“Ravens give me the creeps,” Suzanne said. She was among the trio of angelic preschool teachers who ushered our kids into their first understanding of community outside our home. Each one radiated warmth and calm. Quite naturally whenever I dropped off or picked up the kids, I lingered and chatted, sponging up what I could.
“I saw a bunch of them as I was walking to work this morning, like a gang,” she said. “I just don’t like ’em.”
I hadn’t given ravens a good deal of thought before that, but once she said it, I had to agree with her. Who’s going to like a carrion bird? Even if they serve a vital purpose in any ecosystem, even more so in an urban one like ours.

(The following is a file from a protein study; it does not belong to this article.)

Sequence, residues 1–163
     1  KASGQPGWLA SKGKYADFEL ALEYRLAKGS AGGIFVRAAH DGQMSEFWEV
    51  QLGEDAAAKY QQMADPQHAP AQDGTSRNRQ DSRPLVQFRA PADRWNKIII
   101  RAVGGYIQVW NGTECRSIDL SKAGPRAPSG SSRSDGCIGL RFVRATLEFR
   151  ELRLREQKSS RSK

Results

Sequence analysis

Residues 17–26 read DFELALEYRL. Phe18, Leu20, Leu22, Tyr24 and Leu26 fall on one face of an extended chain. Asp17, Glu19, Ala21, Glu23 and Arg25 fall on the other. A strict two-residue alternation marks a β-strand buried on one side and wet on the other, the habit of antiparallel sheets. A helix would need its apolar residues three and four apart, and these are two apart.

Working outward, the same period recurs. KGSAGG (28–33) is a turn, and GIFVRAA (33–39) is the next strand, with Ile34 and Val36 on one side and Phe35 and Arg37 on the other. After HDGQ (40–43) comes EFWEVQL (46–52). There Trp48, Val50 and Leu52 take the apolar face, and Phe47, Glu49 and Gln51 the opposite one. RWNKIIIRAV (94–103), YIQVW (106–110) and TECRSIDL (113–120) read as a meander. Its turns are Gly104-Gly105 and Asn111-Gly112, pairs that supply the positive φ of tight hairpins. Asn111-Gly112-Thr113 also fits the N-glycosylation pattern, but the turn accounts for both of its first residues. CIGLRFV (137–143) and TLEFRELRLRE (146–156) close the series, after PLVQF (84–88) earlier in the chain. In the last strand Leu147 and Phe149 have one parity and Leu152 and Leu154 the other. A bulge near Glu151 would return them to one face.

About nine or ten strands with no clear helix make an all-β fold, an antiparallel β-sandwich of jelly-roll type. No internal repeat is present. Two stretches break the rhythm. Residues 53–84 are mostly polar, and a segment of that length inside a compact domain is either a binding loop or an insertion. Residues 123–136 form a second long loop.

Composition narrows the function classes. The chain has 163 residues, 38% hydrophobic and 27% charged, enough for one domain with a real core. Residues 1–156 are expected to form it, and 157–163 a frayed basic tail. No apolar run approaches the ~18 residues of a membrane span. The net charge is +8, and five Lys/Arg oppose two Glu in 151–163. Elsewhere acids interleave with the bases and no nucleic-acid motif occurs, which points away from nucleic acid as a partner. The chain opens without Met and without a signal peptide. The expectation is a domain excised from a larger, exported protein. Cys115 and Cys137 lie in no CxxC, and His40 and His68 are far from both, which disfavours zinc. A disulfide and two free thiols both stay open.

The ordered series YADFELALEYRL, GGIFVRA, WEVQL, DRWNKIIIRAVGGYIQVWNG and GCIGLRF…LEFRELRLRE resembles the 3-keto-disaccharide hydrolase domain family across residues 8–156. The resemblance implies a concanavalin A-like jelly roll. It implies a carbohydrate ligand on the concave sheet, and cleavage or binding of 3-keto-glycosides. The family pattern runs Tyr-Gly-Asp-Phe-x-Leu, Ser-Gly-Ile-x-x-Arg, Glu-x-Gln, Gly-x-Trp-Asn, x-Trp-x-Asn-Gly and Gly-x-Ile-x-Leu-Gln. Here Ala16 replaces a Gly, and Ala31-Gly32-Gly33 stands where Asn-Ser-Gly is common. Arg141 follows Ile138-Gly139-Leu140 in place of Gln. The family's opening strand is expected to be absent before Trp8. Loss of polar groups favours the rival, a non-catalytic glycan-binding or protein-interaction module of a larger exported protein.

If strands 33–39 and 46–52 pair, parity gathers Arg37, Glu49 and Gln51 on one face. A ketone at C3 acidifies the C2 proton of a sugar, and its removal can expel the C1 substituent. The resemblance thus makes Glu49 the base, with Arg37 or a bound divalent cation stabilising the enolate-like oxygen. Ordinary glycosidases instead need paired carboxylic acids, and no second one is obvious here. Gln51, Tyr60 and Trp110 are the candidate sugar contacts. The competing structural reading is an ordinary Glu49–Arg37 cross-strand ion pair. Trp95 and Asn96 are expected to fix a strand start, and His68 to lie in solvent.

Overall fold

“They do seem like bullies,” I said. I recalled to her a disturbing scene I witnessed not long after we moved to our Berkeley home a few years earlier. I’d heard a cacophony of birdsong from out in front, and saw small birds moving restlessly from branch to branch in the trees and bushes there. Eventually I figured out the object of their attention. A raven perched on a power line above our small sidewalk acacia tree, transferring its weight impatiently from one bony-leather claw to the other. This was the same tree in which I had just a few days earlier identified a sparrow, incubating eggs in a nest.